Our tours in May/June this year showed us some of Italy’s most splendid gardens, ranging from the Renaissance splendour of Villa Lante to the exotic Argentinian abandon of La Mortella. We were absolutely delighted to have Christchurch-based landscape architect Robert Watson with us. As predicted, he was passionate and knowledgeable about the gardens as well as being extremely good company.
An early stop was the magnificent Summer Palace of the Popes at Castel Gandolfo near Frascati with its manicured hillside gardens, terraces and parkland stretching over 55 hectares. There was no sign of the present Pope but we were reliably informed by a local restaurant that he did pop in from time to time to pick up a take-away meal.
Note to readers – judging by the meal we had there, this would be a far cry from what Kiwis think of when they hear the words “take-away.”
The famous 16th Century garden at Villa d’Este in Tivoli did not disappoint despite the showery conditions which somehow added to the experience of seeing the fabulous fountains and water cascades.
An absolute contrast was the delightful and relatively small garden at Torrecchia Vecchia in southern Lazio, where a charming ‘wild’ garden has been created using attractive stone ruins and an elegant villa as a backdrop. We had the whole place to ourselves with our own private guide who works at the garden so it was a very special experience for us. In fact, it was really quite magical because the guide met us at an unprepossessing looking gate on a country road and led us down a very long driveway through fields dotted with horses until we reached the secluded location of the garden and villa which enjoy a completely private panorama of the surrounding countryside.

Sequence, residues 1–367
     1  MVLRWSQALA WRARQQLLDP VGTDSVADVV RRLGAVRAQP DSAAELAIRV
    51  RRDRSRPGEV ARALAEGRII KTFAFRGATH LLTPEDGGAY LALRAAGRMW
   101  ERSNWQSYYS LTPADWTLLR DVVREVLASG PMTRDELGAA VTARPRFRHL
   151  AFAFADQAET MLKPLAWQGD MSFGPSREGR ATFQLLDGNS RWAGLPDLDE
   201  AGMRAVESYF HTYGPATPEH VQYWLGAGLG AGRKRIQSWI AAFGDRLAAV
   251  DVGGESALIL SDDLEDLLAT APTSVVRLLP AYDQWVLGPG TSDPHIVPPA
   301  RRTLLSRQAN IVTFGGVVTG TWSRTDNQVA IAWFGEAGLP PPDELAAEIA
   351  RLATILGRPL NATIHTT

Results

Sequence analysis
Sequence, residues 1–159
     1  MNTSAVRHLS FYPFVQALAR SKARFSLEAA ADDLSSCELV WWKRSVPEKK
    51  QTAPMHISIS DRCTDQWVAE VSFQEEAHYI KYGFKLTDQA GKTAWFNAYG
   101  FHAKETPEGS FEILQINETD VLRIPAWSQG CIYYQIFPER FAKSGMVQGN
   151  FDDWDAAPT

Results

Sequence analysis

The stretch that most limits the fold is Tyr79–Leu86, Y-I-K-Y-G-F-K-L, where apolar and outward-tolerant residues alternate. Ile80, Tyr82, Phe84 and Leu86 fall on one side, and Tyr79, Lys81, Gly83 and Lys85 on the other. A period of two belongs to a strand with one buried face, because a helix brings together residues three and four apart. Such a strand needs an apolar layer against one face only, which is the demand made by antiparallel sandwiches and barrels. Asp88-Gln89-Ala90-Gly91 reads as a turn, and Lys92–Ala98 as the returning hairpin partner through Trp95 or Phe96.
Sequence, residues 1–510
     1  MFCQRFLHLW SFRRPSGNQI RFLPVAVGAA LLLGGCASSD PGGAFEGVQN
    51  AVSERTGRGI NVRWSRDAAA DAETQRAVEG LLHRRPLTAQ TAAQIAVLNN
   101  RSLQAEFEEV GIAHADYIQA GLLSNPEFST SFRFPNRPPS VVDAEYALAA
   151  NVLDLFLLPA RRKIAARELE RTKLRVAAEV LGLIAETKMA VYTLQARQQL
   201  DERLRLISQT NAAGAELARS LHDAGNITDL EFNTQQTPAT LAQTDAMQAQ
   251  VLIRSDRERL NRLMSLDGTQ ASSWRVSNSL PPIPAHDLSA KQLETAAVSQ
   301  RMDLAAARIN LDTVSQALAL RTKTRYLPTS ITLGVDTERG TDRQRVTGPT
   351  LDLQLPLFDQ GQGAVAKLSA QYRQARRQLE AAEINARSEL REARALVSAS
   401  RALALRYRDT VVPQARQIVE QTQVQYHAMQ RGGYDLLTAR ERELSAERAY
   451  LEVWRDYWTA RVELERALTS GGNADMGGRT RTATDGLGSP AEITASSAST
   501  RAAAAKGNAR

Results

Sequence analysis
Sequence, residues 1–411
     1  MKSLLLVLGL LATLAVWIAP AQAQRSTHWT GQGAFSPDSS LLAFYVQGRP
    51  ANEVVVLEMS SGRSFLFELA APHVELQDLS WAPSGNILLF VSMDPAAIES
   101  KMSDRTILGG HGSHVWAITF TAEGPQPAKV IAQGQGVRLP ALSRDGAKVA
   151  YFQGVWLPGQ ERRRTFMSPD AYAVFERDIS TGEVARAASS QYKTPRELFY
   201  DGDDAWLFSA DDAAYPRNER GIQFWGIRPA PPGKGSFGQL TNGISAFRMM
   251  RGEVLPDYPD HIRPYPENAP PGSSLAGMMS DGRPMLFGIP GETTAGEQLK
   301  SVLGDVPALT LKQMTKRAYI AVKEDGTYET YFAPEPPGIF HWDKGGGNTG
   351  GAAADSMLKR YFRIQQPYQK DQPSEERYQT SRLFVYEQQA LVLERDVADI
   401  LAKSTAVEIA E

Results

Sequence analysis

The next three gardens were situated north of Rome and close to the medieval town of Viterbo.
The first of these was the imposing Villa Farnese at Caprarola. The Villa’s gardens were designed not long after the Villa d’Este gardens and are equally impressive. They are accessed through the apartments on the piano nobile and each is a formal parterre garden of box topiary with fountains. We enjoyed walking up past the dolphin cascade to the chestnut woods which lead to a secret garden and summerhouse (casino) that now belong to the President of Italy.
Closer to Viterbo, at Bagnaia is another wonderful 16th Century garden at Villa Lante, designed by Vignola for Cardinal Gianfrancesco Gambara. The gardens are a sheer delight, sited on several levels and featuring fountains, cascades, pools and dripping grottoes as well an extensive wooded area. We enjoyed spotting the family symbol (a crayfish) on the statues, frescoes and the dramatic cascade linking different areas of the garden.